If the NHL does today what it did in 1989 — and there is no reason to suspect it won’t — it will demand that an expansion team receive priority playoff dates in whatever arena is constructed — especially in the absence of an NBA team.
How can, say, Chris Hansen agree to that? If he bows to the NHL on priority playoff dates, he will compromise his chances of acquiring an NBA franchise, which would insist on priority playoff dates as a condition of expansion/relocation.
Ten NBA and 10 NHL franchises currently share an arena, notably Madison Square Garden in New York and the Staples Center in Los Angeles. The NBA says what goes in all of them.
All of Seattle’s potential investor groups must satisfy NHL franchise requirements in order to get a team, but do so without creating roadblocks for an NBA expansion or relocation. That won’t be easy if the NHL runs this expansion process the same way it ran the one in 1989.
And the current process has started out exactly like 1989.
Back then, the investors ultimately split into two camps, the Ackerleys in one, Larson and McFarland in the other. And then they loosely joined forces in order to present a united bid.
Since they believed – incorrectly, as it turned out – that the NHL wanted Seattle as part of plan to add more West Coast teams, they figured they might be able to negotiate the NHL’s $50 million expansion fee down to something more reasonable, into the $35 million range — that based on sales prices for the Minnesota and Hartford franchises the previous year.
“A lot of people are looking at whether a $50 million expansion fee can be done,” Chicago investment banker Bill Lear, who helped assemble the Seattle ownership group, told the New York Times.
“The NHL has set some standards that will be very difficult to achieve. I can’t get inside the (NHL) board’s heads and say what kind of tradeoffs they will make. But I can say they will have to make concessions.”
The NHL made none because, as it developed, it had a couple of fish on the line willing to be hooked and gutted.
Even so, Seattle’s attempt to acquire an expansion team remained alive in late November after the 11 ownership groups from 10 cities had been whittled to four candidates. But the whole thing fell apart Dec. 5 when MacFarland, Larson, Barry Ackerley and Lear traveled to West Palm Beach, FL., to meet the NHL’s Board of Governors at the Breakers Hotel.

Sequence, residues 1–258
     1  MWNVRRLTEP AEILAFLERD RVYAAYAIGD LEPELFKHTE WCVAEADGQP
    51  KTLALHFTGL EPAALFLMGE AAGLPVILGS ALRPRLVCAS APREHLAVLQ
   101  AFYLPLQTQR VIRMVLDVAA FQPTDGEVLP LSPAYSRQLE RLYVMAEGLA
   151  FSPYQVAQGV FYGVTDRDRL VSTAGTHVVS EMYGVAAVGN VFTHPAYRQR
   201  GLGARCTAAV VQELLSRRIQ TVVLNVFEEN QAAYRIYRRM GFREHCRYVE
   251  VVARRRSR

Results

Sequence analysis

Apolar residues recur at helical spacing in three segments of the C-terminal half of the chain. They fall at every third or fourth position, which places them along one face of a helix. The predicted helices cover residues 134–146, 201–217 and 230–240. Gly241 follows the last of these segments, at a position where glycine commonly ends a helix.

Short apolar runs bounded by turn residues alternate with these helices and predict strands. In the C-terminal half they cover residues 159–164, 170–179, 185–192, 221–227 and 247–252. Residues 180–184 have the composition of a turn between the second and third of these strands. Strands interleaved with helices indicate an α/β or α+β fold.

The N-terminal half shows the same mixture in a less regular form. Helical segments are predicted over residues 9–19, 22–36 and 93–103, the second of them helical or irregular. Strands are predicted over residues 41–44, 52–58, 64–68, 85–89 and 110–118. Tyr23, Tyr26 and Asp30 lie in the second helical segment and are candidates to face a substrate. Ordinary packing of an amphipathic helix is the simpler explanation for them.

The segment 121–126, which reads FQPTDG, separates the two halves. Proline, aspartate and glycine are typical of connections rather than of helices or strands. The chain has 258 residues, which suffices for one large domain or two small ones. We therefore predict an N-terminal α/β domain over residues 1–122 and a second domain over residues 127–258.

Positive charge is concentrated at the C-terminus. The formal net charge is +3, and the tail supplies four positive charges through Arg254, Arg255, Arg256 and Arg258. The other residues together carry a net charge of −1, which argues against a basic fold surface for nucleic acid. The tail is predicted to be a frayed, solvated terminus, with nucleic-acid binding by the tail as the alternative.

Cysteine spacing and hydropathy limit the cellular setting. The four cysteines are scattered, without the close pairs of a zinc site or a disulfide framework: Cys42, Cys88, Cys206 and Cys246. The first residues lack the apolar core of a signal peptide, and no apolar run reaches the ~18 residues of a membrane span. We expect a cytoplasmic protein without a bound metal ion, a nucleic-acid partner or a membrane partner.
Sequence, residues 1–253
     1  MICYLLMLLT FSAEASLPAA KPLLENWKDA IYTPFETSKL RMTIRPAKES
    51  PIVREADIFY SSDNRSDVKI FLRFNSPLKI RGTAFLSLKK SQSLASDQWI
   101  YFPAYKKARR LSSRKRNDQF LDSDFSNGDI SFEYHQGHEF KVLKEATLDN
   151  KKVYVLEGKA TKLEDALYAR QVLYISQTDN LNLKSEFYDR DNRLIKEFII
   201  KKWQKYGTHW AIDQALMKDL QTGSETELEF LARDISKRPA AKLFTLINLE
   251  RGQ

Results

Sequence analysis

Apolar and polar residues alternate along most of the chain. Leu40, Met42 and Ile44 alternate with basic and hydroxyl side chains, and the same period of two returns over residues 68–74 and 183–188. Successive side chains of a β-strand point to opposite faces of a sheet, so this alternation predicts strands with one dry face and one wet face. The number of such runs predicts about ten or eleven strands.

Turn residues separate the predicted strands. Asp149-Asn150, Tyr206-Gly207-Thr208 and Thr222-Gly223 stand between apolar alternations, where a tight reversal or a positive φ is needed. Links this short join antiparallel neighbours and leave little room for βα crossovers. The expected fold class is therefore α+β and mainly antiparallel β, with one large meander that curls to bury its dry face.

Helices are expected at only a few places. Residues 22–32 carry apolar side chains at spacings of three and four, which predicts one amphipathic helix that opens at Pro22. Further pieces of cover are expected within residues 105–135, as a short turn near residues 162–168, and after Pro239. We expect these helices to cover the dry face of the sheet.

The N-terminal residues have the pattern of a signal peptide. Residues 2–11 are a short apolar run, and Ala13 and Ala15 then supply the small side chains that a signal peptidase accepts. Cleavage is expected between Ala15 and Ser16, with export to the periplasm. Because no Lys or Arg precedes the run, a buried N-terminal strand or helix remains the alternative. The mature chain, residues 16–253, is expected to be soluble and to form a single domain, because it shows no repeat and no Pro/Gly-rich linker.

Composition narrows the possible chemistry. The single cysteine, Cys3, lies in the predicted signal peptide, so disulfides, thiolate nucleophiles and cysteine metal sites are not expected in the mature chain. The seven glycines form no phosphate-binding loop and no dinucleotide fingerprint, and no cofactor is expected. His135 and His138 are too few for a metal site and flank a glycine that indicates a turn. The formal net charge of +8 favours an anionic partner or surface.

They went there to present their case for acquiring a team, but came away with nothing in one of the great mixups/mishaps in Seattle sports history.
Even if that epic boobery hadn’t occurred, the Seattle bid group was not willing to meet the NHL’s expansion requirements despite having the economic net worth to do so. It determined the NHL and Seattle was a bad marriage under NHL-imposed conditions.
“Our first mistake was we misread the league’s rationale for expansion,” MacFarland said, along with a lot of people who thought the first thing they (NHL) were after was a good regional spread to attract a bigger and better TV contract, then West Coast teams to help out the existing teams and lessen their travel costs.”
“The last thing we figured was that they were just after the money. But it turned out that money was the most important factor.”
As it will be this time around, based on the NHL’s own history.
The second mistake, according to MacFarland:
“We should have made our own bid instead of a loose allegiance with Ackerley’s effort. The NHL (expansion) board called us all after presentations and said, ‘If you can pay the price, you can have the franchise.’ We couldn’t. We wouldn’t. Ottawa and Tampa (neither with an NBA franchise) did, so they got the franchises.”
MacFarland made a key point when he said, “We were not able to negotiate a lease deal such as the NHL required.”
He was referring to concession-parking-signage-luxury box splits and priority playoff dates — the same land mines awaiting Chris Hansen, Ray Bartoszek and Seattle’s other NHL suitors as they enter the sporting equivalent of the Mekong Delta – and they don’t even have arenas yet.
So don’t submit your entry into a “Name The Team” contest just yet.